One of the things I did while I was in Kenya was to interview female politicians from Somalia. These women are at the vanguard of women’s representation in the country – fighting death threats from terrorists as well as regressive cultural norms to raise their voices and push for women’s rights.
“I get threats, day in, day out,” says Fawzia Yusuf Adam. “Yes, it happens, but I am not afraid about what might happen tomorrow. I am busy with today.”
Adam is one of Somalia’s most senior female politicians. A former diplomat and long-time women’s rights activist, she became the country’s first ever female foreign minister and deputy prime minister in 2012. No longer in that post, she is now one of a small number of female members of parliament.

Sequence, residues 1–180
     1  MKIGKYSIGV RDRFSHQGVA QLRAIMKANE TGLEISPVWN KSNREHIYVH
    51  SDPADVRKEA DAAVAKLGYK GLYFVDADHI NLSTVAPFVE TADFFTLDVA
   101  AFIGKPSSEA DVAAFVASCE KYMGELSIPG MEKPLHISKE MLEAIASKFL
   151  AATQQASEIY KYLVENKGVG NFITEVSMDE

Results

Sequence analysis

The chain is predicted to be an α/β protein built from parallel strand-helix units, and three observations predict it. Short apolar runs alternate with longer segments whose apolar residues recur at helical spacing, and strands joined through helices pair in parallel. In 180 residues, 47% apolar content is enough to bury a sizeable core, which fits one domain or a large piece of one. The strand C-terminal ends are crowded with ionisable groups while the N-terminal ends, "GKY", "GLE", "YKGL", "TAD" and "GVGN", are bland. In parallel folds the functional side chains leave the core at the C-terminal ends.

The threats she laughs off come from al-Shabab, the hardline rebel group. It has a two-fold vendetta against female politicians: It is waging war against all members of the Somali government, and its extreme reading of Islam prohibits any female participation in the public sphere.
You can read the rest of the piece over at Al Jazeera.